Well, you may be right. Only time will tell. But I don't see how the fall in the usa has been softened, do you? The only ones whose fall was softened seems to have been the banks, not the people. In the countries I mentioned the governments and people have, overall, less debt and unemployment. Their economies are growing and are less service oriented. Money is likely to flee there from Europe and the USA, asia is investing there. I will stand by my feeling that these are better places to buy real estate. But if you are right and real estate does poorly, globally, I expect it will do less poor in these countries than in the usa. Finally, people in those other countries are not blogging about how their government plans to put them in concentration camps, enslave them, etc. They are less afraid to own things like real estate.

Mon, 01/03/2011 - 21:25 | 845535 laosuwan
laosuwan's picture

i have looked at houses in the usa as an investment. some of my friends have bought condos in las vegas thinking they are getting a good deal now. i dont, here's why.

the houses in the usa are made of wood and drywall, which if its from china makes the house uninhabitable after a few years. wood attracts termites and mold. wood houses burn down so insurance is needed. they  are hard to cool in the summer and warm in the winter, so one needs insulation to help control the temperature but its not enough and it only makes the houses stuffy. you get very little land for your money and its the land that should have the most value not the improvement on the land. the taxes are high and could go higher. pay them late and you can lose your investment. anyone can try to sue you in the usa and force you to sell your house. its almost impossible to resale your investment and the rents return a yield lower than a basic dividend paying stock here in thailand. the usa is very corrupt in a different way than what we know and are used to here in asia. when i look at new zealand, australia, south america, even central america, I see much better buying opportunities for real estate in other places than the usa.

Mon, 01/03/2011 - 21:51 | 845570 gwar5
gwar5's picture

I agree with Morty on this one.

I read an article in 1998 that said the housing market would peak around 2011

Not far off. The Boomer magic would be winding down, oversupply expected

The subprime crises let the TPTB work the last dime out of that market pretty well

Sat, 01/08/2011 - 11:07 | 858566 dizzyfingers
dizzyfingers's picture

Yep. Boomers' exit over the next decades precedes expected net decline in US population. As among most "western" countries, the decline of live births has shot countries in their feet; slow population decline (death) proposed and embraced without thinking, changes demographics, also changing national priorities such as freedom, personal property, and etc.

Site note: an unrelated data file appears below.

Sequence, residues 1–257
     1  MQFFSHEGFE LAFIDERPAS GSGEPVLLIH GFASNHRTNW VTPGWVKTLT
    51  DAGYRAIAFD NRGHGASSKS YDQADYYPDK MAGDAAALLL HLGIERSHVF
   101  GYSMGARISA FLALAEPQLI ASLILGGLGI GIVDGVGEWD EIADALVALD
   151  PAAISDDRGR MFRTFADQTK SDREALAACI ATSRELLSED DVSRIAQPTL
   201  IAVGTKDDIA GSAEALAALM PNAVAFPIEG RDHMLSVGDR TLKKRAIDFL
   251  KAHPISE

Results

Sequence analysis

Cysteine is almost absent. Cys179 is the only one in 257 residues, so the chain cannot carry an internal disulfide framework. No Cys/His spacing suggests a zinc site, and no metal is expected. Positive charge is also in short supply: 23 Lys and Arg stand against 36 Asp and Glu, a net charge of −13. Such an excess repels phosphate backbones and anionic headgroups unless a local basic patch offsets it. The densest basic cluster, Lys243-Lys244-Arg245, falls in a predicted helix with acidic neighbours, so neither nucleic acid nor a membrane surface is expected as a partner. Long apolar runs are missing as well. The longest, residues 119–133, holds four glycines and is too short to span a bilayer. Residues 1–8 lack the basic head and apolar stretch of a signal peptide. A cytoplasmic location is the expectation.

Mon, 01/03/2011 - 22:06 | 845592 gwar5
gwar5's picture

Yes... we still have no bananas

What's been the real rate of housing increases anyway, not the nominal pricing?


Mon, 01/03/2011 - 22:20 | 845617 gwar5
gwar5's picture

Here we go. Link below. Got a ways to go from the bubble, especially on the Coasts.

But, then there's still the lack of jobs and no economy and we're overbuilt. Squatters dream

For the next twenty years you could take cross country road trips and never have to pay for a motel.


Housing Bubble Graphs: Charts of inflation-adjusted, historical home prices.

Mon, 01/03/2011 - 22:11 | 845608 ebworthen
ebworthen's picture

Mort Zuckerman?

$930 Million?

What has he added to that tobacco in the hookah, hashish?

Good God, delusion abounds.

Mon, 01/03/2011 - 23:09 | 845697 wisefool
wisefool's picture

Mort is saying his clients want that type of office space: An upscale building, in an upscale city, for upscale people, in upscale clothing, to show up to work for a few hours every day to play upscale grab ass with each other before hitting the links. Lawyers, Hedge Fundies, CNBC workers,etc.

He'll be fine. it is the defaults on the other 90% of commercial office space/parks & their industries spread around the country that are going to cause another massive crisis.

Tue, 01/04/2011 - 00:50 | 845856 Oh regional Indian
Oh regional Indian's picture

Mort and Zell and their like play three skyscraper Monte. It's funny money for them. Big RE (not just CRE, big CRE) is largely a racket. Dirty money, dirty deals.

The big players get "anchor" clients given to them. One only needs to look at far as one D. Trump's case to figure out how ridiculous that whole market is.


Tue, 01/04/2011 - 03:18 | 845980 Temporalist
Temporalist's picture
Manhattan Apartment Sales Fall 7.2% After Tax-Credit Boost Ends


Shorty Morty gets no supporty.

Tue, 01/04/2011 - 03:56 | 846008 buzzard beak
buzzard beak's picture

The man is simply hoping to chow on QE like every smart bird in this situation. Distressed Manhattan office buildings are a great way to do that, for those who can afford the entry point. Obviously, the smarter bird was the one that bought it at foreclosure and sold to Mort.

Which hardly contradicts Davidowitz's very honest portrayal of the retail space segment. "CRE" is a very broad category and it should be no surprise that different segments and regions are moving in different directions. 

Tue, 01/04/2011 - 11:57 | 846554 Jerry Maguire
Jerry Maguire's picture

Zuckerman never says anything publicly until the ship has already left the dock.

Of course real estate will be depressed for years.  That may be putting it mildly.

See generall articles and posts on "money" and "debt".